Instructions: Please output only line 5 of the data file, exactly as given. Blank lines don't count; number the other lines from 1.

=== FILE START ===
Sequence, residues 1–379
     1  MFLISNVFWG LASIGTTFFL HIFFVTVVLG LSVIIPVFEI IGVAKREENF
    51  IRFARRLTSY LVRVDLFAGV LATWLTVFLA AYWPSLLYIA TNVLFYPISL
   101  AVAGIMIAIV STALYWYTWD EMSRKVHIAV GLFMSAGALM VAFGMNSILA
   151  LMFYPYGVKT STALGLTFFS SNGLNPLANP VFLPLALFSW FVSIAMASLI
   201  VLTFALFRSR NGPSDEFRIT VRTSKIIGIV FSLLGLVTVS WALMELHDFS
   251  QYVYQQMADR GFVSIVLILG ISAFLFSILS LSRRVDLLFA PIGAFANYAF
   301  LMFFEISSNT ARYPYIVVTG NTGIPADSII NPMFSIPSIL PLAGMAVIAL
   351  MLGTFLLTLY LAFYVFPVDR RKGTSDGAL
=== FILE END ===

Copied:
   151  LMFYPYGVKT STALGLTFFS SNGLNPLANP VFLPLALFSW FVSIAMASLI